Blackstone Parks Conservancy

It’s About Giving Back

Writing in December for January publication, we have no idea what the deep winter will bring. Seven-foot icicles? Slush? But whatever the weather, the leafless months are the Blackstone Parks Conservancy’s (BPC) chance to complete plans for finishing our Blackstone Boulevard tree inventory and imagine new projects to help us keep these parks thriving.

So let’s linger a while in December–a season for expressing gratitude and for giving. Gratitude seems an especially good state of mind to be in at this time.

At the BPC we are grateful for our volunteers and other supporters, the people who help to sustain the Blackstone parks. As one new volunteer observed at a Park Keeping event early in the month, we need our community now more than ever. And community is so much what these parks are about.

“It’s about giving back,” says Julia Frankel, explaining why she has shown up to help out in the Blackstone Park Conservation District overlooking the Seekonk River on a bright Saturday morning in early December. In this, the final Park Keeping session of the year, she and several others are filling wheelbarrows with woodchips supplied by the Parks Department and spreading them in a heavily used section of the Park. Julia likes to run on the Boulevard, and it makes sense to her that she should somehow participate in their upkeep.

Several other people arrive, including a few who are relatively new to Providence and one who grew up here. They range in age from two to 77. The two-year-old receives a rake to play with while her parents spread chips. Other volunteers stroll back into the woods to the northeastern bluff to repair the temporary snow fences that protect plants that were installed with grants written and managed by BPC volunteers.

If you like being out of doors and enjoy feeling useful to boot, there will be many chances to join Park Keeping events in 2017. They last an hour and a half or two and they are fun. They also provide a chance to meet like-minded people.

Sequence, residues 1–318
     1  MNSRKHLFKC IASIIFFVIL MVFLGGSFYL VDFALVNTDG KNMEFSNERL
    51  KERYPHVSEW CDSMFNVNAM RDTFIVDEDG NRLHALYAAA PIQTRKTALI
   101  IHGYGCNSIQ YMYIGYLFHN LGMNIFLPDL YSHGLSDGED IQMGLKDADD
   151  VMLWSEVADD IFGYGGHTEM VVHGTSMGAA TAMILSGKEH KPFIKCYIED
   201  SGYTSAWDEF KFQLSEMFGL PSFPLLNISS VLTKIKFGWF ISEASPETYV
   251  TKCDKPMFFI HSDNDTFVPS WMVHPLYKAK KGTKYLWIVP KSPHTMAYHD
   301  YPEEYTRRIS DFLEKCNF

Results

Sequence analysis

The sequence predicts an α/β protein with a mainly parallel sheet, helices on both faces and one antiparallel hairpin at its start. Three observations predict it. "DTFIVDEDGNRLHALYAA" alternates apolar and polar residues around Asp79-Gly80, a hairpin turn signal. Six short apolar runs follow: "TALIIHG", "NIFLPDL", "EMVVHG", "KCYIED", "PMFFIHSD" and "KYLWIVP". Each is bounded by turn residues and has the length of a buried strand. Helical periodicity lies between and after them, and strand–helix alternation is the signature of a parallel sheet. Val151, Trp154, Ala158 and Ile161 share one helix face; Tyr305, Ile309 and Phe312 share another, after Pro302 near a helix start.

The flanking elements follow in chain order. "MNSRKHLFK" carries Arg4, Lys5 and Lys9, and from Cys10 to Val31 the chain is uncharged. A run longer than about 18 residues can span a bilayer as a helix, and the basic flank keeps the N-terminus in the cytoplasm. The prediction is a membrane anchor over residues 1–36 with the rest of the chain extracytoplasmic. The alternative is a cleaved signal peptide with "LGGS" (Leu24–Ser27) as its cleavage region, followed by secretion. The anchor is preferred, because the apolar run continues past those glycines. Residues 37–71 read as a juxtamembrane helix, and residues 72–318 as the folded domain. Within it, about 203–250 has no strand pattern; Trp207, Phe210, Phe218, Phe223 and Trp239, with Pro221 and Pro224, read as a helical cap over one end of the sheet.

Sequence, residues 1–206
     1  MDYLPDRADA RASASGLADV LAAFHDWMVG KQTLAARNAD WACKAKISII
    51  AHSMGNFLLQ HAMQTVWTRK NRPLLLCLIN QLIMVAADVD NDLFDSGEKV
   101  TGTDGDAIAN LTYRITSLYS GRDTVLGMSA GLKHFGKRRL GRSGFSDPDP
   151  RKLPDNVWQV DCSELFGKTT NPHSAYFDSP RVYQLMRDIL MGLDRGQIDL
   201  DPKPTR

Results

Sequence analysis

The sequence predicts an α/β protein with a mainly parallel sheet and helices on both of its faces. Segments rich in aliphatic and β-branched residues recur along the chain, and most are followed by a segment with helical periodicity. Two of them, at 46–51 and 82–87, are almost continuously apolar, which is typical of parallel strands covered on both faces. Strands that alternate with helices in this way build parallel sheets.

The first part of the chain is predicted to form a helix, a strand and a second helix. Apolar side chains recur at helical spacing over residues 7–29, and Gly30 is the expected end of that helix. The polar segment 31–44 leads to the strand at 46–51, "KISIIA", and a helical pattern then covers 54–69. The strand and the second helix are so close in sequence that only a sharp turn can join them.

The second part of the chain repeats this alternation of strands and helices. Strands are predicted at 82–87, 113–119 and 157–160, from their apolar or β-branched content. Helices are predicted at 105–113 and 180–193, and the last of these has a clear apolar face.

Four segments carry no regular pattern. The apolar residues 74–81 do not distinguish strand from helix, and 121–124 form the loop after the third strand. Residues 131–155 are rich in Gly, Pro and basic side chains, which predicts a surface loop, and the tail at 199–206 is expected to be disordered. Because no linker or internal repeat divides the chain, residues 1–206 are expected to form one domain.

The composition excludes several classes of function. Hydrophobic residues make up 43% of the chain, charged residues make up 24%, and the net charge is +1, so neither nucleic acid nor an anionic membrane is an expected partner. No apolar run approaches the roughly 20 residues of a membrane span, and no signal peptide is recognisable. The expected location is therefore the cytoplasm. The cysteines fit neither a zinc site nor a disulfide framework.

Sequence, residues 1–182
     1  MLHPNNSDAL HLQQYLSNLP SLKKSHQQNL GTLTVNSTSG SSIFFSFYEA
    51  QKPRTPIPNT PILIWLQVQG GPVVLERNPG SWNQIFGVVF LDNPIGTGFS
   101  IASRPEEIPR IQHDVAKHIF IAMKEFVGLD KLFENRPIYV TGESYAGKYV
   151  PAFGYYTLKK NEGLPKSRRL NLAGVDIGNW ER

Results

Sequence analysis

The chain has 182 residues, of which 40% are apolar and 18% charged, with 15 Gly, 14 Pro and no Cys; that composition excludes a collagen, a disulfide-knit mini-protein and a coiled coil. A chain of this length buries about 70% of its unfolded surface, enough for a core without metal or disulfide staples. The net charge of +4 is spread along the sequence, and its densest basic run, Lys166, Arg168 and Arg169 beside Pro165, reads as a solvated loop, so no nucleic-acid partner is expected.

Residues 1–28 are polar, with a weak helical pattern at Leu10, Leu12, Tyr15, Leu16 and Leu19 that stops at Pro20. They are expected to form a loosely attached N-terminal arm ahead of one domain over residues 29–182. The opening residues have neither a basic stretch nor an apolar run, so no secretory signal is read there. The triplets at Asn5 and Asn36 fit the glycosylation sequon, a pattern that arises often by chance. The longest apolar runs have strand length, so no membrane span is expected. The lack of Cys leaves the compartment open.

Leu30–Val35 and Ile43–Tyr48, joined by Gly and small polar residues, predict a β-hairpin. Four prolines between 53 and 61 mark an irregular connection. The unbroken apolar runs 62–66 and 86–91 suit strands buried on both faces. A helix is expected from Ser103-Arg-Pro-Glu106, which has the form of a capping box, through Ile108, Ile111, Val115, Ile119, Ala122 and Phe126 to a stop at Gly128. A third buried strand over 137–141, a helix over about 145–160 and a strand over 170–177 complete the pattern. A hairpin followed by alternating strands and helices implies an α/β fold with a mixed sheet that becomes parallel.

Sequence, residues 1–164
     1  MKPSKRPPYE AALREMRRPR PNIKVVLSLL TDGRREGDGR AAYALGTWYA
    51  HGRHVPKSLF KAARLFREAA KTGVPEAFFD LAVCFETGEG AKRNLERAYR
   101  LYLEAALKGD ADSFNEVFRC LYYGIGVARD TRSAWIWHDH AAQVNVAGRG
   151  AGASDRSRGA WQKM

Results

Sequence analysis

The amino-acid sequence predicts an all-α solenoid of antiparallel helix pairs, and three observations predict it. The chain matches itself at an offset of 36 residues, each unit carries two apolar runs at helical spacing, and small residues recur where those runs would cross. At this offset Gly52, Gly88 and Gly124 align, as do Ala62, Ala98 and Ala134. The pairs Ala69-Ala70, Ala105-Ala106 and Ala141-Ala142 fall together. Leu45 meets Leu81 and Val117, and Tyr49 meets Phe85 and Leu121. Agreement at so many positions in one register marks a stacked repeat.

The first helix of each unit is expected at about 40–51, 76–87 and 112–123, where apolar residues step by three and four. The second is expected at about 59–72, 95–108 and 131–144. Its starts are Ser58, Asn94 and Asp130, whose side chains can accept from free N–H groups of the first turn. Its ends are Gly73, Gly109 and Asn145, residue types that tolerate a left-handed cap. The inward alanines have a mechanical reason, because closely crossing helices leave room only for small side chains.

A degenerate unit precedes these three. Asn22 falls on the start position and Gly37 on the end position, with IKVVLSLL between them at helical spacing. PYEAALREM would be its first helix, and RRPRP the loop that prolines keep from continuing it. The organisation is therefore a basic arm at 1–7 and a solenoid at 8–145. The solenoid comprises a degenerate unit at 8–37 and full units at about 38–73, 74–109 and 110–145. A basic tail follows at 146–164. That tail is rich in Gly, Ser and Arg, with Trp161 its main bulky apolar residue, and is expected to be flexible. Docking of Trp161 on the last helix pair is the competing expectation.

In addition to volunteers, which include children and teachers from several schools, and in addition to the Providence Parks Department—our dependable partners without whom we couldn’t function–we are grateful to the environmental agencies that have helped us pull our parks back from the incursions of stormwater runoff and heavy use as well as invasive plants. The Coastal Resources Management Council (CRMC), and the Department of Environmental Management (DEM) have helped us to upgrade trails and restore under story in the center section woodland. The Natural Resources Conservation Service (NRCS) is supporting invasive plant removal.

We thank the Appalachian Mountain Club (AMC) for bringing expertise to help with fence and step repair. And we could never have come so far without our generous mentors at Save the Bay, the Woonasquatucket Watershed Council, and Neutaconkanut Park, to name but a few.

Finally, we are grateful for the Blackstone parks. We honor the Providence city leaders who had the foresight to set aside parkland in perpetuity. Like us, they lived through times of enormous change and thought ahead. Like them, we are all giving to future generations.

Jane Peterson